Appellants pointed out further procedural improprieties in the prosecution case, and argued that even though the victim had stated informing her parents, no phone records were taken out to corroborate the same, and that the medical analysis by the doctor did not reveal any injuries on the girl.
State argued that the discrepancies pointed out by the appellants were trivial in nature. It was submitted that the evidence of the victim would need to be appreciated in its entirety and that she never gave her consent for a “physical union” with the appellant.
It was argued that the appellant used force and raped the victim, thereby justifying the conviction under Section 376 of the IPC, after having found evidence of sexual intercourse during medical examination of the victim.
State relied on the witnesses cross-examinations to point out that the victim had raised a hue and cry while being sexually assaulted by the accused, and that upon enquiries by locals the next morning, she had informed them that she was a victim of penetrative sexual assault at the behest of the appellant, thereby proving an offence under Section 376 IPC.
State concede its inability to prove the age of the victim, but submitted that the accused could not rely on the same to get any “discount” as he was still guilty of rape.
Upon hearing the arguments of the parties, the Court held that in the absence of any evidence regarding the age of the victim, the conviction under Section 365 IPC could not be sustained, but the same would not “strike at the root of the prosecution case.”
It was held that the victim had refused to accompany the appellant to his aunt’s house, but he forcibly took her there anyway and kept her there for three days, committing sexual assault on her. Court noted:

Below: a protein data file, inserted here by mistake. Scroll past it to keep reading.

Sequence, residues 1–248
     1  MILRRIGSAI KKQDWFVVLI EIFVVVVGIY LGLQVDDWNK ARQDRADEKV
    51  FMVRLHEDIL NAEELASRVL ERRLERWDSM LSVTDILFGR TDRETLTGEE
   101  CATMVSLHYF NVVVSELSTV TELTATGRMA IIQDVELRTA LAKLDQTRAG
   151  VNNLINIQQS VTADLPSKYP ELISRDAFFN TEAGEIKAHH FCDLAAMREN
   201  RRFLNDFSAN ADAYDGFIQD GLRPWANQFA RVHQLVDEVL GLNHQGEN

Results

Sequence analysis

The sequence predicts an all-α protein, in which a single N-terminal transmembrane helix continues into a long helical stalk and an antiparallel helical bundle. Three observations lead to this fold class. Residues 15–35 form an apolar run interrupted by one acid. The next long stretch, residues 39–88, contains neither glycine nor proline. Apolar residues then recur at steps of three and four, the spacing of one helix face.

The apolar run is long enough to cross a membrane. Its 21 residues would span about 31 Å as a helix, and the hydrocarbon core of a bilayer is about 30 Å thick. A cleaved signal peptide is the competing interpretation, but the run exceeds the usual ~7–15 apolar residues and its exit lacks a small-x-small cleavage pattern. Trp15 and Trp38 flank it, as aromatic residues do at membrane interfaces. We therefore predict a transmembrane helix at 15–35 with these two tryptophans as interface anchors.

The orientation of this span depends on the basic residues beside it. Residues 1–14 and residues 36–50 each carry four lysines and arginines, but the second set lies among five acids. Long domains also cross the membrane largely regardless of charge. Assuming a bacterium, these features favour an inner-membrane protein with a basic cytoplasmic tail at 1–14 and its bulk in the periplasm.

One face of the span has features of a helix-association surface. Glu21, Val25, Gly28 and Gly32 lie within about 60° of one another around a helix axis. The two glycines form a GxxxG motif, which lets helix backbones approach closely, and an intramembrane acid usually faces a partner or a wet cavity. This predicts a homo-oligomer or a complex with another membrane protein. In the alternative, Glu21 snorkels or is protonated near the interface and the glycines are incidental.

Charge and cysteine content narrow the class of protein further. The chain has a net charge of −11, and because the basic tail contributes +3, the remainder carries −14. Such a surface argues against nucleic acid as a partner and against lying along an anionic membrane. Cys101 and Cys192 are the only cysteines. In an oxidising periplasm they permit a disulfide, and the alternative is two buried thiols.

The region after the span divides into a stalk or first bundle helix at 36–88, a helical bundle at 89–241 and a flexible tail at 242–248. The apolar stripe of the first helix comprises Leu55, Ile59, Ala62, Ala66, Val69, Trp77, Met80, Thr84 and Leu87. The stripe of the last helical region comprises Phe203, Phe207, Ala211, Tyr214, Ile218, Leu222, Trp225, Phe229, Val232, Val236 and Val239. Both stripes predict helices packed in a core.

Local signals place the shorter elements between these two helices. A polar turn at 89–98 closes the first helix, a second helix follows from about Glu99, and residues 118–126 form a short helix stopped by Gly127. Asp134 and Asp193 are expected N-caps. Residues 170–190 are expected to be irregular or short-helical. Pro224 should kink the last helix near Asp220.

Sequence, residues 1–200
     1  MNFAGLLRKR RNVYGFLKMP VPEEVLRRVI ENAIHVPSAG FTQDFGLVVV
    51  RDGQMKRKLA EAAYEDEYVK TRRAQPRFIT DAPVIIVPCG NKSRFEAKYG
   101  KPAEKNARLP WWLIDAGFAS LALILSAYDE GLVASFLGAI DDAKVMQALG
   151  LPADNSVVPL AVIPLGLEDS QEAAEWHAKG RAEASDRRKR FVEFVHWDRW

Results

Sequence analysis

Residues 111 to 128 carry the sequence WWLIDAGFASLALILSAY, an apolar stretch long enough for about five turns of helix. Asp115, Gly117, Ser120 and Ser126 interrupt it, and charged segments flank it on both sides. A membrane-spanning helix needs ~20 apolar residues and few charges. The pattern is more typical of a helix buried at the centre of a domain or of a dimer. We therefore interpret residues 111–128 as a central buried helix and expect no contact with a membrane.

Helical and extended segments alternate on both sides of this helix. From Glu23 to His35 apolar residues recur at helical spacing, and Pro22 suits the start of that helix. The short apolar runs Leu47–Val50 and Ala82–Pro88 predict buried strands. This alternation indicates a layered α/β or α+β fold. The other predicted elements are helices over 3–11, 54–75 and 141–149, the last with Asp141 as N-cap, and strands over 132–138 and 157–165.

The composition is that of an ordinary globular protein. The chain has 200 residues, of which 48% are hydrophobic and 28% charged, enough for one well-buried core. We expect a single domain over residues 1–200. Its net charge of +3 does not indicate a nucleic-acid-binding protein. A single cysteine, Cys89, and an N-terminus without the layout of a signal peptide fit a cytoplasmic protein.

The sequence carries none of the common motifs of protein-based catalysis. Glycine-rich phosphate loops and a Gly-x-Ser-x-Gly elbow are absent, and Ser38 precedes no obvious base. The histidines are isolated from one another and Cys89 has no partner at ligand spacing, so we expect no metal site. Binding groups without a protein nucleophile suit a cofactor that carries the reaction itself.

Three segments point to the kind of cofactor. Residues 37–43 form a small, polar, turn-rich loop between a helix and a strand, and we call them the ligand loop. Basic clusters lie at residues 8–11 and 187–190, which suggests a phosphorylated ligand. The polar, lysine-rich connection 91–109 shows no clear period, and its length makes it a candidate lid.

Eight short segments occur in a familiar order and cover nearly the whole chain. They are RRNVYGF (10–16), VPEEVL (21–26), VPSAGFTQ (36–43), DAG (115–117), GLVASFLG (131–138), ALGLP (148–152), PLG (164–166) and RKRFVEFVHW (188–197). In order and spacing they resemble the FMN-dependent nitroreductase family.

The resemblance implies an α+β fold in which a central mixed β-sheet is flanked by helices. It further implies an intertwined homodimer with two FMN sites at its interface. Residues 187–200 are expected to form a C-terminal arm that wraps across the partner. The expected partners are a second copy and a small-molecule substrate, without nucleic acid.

During cross-examination victim stated “I raised alarm by raising hue and cry while Hemanta raped him in that house. In the next morning the members of that house asked me the reason for which I raised alarm then I told them Hemanta raped me” This statement, made during cross-examination undoubtedly, proves the case of prosecution so far Section 376 of the Indian Penal Code is concerned. The victim was examined by doctor and as P.W. 10 doctor stated that victim was habituated in sexual intercourse. The victim not only with stood the test or cross examination, the defence counsel by way of cross-examination has extended support to the prosecution case.
In acquitting the appellant of offences under Section 365 IPC, but upholding the conviction under Section 376, the Court was persuaded by mitigating circumstances raised by the counsel for the appellant on the grounds that the case was 16 years old, and the appeal had been pending for 4 years, with the appellant being the sole bread-earner of his family.
Accordingly, heeding the submission praying for the Court’s interference with the quantum of sentence due to the “agony and anxiety” suffered by the appellant, the Court reduced the sentence of the appellant from 7 years to 4 years under Section 376 IPC.
Citation: 2023 LiveLaw (Cal) 275
Case: Hemanta Barman V The State Of West Bengal
Case no: CRA 4 of 2019
Click Here To Read/Download Judgment